2011 Alamo Bowl Recap
Baylor Bears vs Washington Huskies - Baylor 67, Washington 56
Let’s recap Thursday night’s basketball game between the Baylor Bears and the Washington Huskies. Baylor scored 24 first-half points but then started to shoot the ball better in the second half, en route to 43 points and a double-digit win over Washington, which scored 35 points in the first half but cooled off after halftime.
Wait a minute – this was a football game? Yes, yes it was. In one of the zaniest bowl games ever – and easily the most prolific in terms of yardage gained – the Bears outraced the Huskies on a night that viewers will not soon forget.
Other bowl games have topped 100 total points, but Washington and Baylor set the record for the most combined points scored in regulation time. The 2001 GMAC Bowl – won by Marshall over East Carolina, 64-61 – totaled 125 points but needed two overtime stanzas to do so. Washington and Baylor racked up 123 points in 60 minutes (technically, 57 minutes and 32 seconds; the final score of the night at the Alamodome in San Antonio came with 2:28 left in the fourth quarter), shredding the college football record book thanks to numbers that are impossible to digest in one sitting.
Washington’s offense maxed out on Thursday. Head coach Steve Sarkisian fully exploited Baylor’s porous defense to the tune of 56 points, 620 total yards, and 438 passing yards by dynamic quarterback Keith Price, who flatly outplayed Baylor’s Heisman Trophy-winning signal caller, Robert Griffin III. Washington unloaded a 28-point second quarter on Baylor to take a 35-24 halftime lead. The Huskies slowed down the pace of their offense in the second half in order to give their overwhelmed defense a rest, and even then, UW still managed to score with appreciable regularity. A six-minute, 18-second touchdown drive gave Washington a 56-53 lead with 9:40 left, giving the visitors from Seattle the belief that with just a handful of defensive plays, they could pull off a shocker in the Lone Star State. Nothing about Washington’s offense suggested that the Huskies would lose this game; they just needed the smallest pinch of defensive support in order to accomplish their mission.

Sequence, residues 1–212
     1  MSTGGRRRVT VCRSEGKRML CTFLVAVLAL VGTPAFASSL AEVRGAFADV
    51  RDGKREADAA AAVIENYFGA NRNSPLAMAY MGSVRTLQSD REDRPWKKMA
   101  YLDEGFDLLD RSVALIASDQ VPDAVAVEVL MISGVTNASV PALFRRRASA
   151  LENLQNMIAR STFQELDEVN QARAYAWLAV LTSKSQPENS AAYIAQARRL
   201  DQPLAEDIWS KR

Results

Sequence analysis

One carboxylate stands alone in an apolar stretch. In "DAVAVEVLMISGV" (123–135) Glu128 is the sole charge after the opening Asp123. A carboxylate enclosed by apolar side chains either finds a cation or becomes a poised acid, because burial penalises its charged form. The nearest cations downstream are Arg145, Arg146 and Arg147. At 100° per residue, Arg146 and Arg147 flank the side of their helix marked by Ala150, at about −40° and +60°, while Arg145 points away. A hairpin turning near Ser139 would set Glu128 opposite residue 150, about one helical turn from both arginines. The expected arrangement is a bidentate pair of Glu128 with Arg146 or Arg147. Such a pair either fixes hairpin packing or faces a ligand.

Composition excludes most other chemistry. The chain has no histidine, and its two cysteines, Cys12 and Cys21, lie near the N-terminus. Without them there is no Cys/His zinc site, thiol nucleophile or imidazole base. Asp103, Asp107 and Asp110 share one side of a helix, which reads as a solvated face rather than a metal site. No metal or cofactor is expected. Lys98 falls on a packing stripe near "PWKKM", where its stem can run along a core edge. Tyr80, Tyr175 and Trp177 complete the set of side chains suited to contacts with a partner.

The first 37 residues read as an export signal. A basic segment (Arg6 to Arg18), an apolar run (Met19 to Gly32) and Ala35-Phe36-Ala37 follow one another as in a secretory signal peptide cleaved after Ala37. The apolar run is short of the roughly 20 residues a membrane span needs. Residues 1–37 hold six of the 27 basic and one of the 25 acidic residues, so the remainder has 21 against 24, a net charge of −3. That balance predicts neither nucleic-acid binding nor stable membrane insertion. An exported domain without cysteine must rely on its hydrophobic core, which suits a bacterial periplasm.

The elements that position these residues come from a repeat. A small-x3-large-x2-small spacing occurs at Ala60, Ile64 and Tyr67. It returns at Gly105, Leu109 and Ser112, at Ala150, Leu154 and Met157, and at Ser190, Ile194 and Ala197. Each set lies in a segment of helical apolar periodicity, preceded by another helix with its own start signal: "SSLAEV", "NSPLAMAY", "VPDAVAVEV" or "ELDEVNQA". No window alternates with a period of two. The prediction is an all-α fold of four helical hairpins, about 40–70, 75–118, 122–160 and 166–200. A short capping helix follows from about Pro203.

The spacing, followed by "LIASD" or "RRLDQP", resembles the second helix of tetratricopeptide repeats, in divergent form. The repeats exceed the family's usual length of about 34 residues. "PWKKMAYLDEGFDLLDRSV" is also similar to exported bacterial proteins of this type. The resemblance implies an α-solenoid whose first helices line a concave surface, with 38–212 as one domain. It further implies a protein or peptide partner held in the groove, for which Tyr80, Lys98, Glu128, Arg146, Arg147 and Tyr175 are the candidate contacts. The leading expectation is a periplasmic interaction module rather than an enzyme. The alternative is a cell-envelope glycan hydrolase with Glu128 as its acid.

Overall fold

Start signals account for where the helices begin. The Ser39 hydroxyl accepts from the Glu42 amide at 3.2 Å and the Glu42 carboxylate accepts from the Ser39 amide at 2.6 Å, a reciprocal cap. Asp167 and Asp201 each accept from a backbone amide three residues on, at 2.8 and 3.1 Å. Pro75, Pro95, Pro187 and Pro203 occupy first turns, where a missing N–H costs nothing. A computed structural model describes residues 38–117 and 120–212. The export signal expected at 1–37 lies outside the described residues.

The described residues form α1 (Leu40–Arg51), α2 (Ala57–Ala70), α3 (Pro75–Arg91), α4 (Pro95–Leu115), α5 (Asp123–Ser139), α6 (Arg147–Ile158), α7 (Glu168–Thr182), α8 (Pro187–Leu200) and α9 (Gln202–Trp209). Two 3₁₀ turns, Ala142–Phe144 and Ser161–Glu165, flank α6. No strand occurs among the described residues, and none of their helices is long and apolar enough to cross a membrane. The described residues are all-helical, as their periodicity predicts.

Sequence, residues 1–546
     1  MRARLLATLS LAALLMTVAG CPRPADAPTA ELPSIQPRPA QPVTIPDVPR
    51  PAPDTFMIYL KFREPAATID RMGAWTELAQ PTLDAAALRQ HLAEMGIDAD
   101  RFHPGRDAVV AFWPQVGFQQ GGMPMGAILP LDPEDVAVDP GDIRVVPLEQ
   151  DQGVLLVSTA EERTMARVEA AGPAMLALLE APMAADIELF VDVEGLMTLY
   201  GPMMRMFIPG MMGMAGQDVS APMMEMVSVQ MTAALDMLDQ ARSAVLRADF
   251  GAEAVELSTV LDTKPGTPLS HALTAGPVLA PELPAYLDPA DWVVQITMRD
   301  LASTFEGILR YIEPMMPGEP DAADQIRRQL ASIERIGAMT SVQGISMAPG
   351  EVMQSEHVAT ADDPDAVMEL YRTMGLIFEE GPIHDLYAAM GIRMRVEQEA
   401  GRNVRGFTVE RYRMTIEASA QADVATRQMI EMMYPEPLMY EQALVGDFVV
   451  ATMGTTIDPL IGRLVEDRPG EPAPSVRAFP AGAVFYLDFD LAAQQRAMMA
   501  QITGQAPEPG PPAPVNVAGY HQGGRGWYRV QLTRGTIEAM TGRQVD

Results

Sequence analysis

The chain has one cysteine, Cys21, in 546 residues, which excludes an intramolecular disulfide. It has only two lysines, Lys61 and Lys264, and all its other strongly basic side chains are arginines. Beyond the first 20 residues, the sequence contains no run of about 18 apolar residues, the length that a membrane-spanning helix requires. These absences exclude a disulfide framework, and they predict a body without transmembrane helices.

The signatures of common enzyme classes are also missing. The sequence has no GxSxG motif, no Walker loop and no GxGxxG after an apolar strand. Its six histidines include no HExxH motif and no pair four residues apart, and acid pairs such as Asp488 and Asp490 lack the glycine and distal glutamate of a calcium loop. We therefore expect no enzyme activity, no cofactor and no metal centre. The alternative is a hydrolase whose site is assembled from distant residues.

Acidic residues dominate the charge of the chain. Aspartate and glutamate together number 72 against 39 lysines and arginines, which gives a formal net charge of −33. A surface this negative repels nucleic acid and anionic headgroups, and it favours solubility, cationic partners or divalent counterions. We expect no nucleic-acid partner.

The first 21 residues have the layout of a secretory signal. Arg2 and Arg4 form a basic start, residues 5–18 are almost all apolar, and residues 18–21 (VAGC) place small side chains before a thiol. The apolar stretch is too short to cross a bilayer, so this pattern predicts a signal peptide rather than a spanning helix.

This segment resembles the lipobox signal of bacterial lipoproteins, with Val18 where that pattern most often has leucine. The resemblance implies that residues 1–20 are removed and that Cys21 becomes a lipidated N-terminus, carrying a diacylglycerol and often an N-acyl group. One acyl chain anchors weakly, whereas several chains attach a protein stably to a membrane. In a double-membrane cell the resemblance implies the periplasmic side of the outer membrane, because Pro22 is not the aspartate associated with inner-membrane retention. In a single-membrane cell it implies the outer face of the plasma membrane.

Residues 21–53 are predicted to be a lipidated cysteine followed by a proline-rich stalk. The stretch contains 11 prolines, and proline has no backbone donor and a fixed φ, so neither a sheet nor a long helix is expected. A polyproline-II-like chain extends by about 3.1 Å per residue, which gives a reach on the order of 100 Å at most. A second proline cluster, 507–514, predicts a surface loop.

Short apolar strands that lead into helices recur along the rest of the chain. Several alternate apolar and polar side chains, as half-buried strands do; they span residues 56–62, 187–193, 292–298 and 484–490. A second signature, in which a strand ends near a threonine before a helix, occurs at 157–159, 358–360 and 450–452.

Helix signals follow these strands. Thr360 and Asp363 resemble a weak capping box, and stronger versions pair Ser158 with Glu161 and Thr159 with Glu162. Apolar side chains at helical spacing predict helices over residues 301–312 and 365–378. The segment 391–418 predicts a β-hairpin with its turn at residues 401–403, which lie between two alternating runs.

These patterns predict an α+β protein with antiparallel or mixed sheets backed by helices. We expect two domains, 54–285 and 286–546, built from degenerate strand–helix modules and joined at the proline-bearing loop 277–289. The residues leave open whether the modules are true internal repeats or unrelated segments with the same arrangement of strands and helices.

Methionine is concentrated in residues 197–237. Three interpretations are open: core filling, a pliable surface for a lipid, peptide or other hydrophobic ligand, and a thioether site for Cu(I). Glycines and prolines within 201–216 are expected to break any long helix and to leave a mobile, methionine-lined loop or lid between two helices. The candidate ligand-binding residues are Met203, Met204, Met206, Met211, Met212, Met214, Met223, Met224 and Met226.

No – even two or three good defensive plays was an excessive and unrealistic expectation of a defense in this kind of Wild West shootout. Baylor scored just 85 seconds after Washington’s touchdown to take a 60-56 lead (you read that score correctly) with 8:15 left in regulation, and then added that tack-on touchdown at the 2:28 mark to put the Huskies away. The truth of the matter was staggering: Washington’s 56 points and 620 yards gave the Huskies nothing more than an 11-point loss. Baylor, you see, accumulated 777 total yards, 482 on the ground. Of those 482 rushing yards, 200 went to running back Terrance Ganaway, who gashed Washington for five touchdowns on the evening. Baylor might have given up 28 points in the second quarter, but it scored 29 in the third to restore the advantage it gained in the first quarter. Griffin wasn’t bad in his own right – Price might have outplayed him, but the Heisman winner hit 24 of 33 passes (a completion percentage of just over 72) for 295 yards and a touchdown. Baylor’s offense did what was needed to win on a night when Washington’s offense was darn-near unstoppable.
That’s the kind of night it was when a basketball score broke out in a football game that won’t soon leave the public memory.
By: Matt Zemek
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